Anne Arundel Academies Facilitates Transition into High School and College
The Academy of Teaching is part of the Anne Arundel Academies, Inc., a 501(c)3 organization. Participating high school students are generally in the tenth or eleventh grade. The program is offered at nine of the county’s twelve comprehensive high schools. At the postsecondary level, students age 18 to 60+ (mostly 20–24) select one of seven associate of arts in teaching (AAT) majors.
As the fifth largest school system in Maryland and the 41st largest school system in the nation, Anne Arundel County Public Schools (AACPS) serves a diverse population of students that spans urban, suburban, and rural portions of the county.
To help alleviate teacher shortages, AACPS committed to a “grow your own” strategy and developed the Academy of Teaching in collaboration with Anne Arundel Community College (AACC). The Academy of Teaching is an “academic completer” program. High school coursework is aligned and sequenced with AACC’s teacher education program. A bridge math course was created to help reduce the need for developmental math.
To facilitate high school transition, the project developed an instructional and student services work team representing both secondary and postsecondary faculty and staff. The Academy of Teaching was created to allow students to move seamlessly into any of seven AAT programs at the community college—early childhood, elementary/general special education, chemistry, English, math, physics, and Spanish. About 50 percent of completers of the secondary program enroll in AAT programs at the college. Through Jump Start, a concurrent college enrollment program, high school students 16 and older are able to take college courses at a 50 percent tuition reduction. For students who seek baccalaureate degrees, the AATs are fully transferable into any Maryland public or private college or university.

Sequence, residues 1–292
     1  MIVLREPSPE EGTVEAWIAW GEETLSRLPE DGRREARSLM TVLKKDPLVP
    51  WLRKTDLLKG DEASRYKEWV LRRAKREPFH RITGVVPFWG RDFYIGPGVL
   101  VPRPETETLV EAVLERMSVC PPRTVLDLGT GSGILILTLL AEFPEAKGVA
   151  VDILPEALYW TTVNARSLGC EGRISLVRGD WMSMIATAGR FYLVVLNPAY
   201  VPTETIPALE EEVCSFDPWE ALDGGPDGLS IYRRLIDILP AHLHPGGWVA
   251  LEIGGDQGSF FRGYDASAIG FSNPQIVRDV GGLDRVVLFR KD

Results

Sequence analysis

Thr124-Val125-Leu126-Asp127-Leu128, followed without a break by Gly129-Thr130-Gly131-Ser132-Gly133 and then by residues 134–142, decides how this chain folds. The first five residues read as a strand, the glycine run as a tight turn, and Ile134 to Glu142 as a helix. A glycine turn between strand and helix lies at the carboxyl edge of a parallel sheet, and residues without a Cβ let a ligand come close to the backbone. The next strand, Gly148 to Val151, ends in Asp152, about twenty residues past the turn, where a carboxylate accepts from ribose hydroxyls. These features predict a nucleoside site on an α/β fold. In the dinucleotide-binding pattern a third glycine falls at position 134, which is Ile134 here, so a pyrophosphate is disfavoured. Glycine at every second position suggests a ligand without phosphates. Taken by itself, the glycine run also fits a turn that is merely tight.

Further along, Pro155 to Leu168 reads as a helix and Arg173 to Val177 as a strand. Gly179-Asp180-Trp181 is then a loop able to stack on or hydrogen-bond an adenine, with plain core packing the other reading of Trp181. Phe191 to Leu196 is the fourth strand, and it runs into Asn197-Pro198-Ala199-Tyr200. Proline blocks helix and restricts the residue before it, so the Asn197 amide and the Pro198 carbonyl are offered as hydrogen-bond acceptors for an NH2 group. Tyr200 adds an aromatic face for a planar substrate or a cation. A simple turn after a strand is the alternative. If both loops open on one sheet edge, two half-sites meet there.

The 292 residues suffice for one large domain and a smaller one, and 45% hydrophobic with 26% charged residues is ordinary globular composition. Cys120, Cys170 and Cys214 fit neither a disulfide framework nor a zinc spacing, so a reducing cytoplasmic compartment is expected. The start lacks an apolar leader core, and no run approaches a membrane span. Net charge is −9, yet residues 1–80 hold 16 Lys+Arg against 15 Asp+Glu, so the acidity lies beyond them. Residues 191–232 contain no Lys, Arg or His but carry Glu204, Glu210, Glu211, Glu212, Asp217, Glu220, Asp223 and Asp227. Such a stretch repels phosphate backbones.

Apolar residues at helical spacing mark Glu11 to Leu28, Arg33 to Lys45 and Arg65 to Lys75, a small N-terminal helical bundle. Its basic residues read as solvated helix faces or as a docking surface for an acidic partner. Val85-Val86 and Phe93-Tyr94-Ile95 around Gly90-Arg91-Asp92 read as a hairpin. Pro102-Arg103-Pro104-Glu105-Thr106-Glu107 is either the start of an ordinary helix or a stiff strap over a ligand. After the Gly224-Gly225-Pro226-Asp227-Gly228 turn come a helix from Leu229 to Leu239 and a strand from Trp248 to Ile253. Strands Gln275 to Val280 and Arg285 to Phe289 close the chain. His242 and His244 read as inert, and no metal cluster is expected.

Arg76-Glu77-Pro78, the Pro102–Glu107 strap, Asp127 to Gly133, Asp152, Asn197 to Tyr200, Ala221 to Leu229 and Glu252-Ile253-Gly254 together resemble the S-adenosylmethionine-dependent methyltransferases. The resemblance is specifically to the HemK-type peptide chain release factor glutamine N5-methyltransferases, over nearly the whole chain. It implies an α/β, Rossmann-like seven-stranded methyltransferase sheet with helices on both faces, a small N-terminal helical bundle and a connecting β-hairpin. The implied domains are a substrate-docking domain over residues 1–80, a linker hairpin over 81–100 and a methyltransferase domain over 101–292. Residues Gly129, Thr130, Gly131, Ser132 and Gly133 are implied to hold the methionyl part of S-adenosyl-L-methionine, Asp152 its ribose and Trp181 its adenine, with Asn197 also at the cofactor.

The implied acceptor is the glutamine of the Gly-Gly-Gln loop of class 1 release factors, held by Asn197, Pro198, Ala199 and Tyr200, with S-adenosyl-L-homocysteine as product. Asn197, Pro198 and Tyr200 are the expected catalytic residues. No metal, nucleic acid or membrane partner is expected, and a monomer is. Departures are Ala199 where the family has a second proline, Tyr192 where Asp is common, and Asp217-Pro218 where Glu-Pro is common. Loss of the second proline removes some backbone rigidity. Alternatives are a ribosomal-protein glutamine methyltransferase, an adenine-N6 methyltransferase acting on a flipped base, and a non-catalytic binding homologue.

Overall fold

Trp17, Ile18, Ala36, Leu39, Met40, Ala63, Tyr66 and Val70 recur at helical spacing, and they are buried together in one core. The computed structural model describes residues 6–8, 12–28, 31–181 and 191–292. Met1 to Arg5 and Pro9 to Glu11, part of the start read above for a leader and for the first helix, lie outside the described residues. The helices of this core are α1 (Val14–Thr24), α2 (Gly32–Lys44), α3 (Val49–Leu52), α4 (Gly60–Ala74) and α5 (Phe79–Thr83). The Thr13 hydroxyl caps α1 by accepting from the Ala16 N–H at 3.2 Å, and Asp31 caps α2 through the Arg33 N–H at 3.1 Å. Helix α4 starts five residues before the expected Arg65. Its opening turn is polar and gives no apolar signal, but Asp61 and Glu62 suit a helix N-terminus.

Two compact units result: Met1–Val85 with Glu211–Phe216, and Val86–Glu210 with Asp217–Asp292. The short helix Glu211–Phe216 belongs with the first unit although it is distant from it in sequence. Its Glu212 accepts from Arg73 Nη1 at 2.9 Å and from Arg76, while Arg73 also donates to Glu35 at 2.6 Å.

The Academy of Teaching includes a strong work-based learning (WBL) component. All students complete three fifteen-hour fieldwork experiences. For example, one group of Academy of Teaching students, under the direction and supervision of their teacher, recently planned, prepared, and taught physics lessons to fifth graders. Such fieldwork experiences include assignments with guided activities that relate the experiences back to students’ coursework and tie into professional teaching standards.
The Academy of Teaching has been expanded into nine of the twelve county high schools with an average of 40 participants per school. The number of AAT degrees has expanded from one to seven and the number of certificates from zero to eight. Enrollments have increased significantly and the graduation rate for AAT students has doubled over the past five years. The number of graduates of the AAT programs has increased 230 percent since 2003.
Support from college and county school leadership, along with communication strategies that reach all constituency groups, is essential in partnerships and collaboration. Large educational systems are complicated and at times difficult to negotiate. Identifying a “point person” helps keep the work on target. Having strong internal and external “champions” helps to facilitate the process. Career pathways are a powerful advising tool. Creating and implementing strategies that disseminate them is important.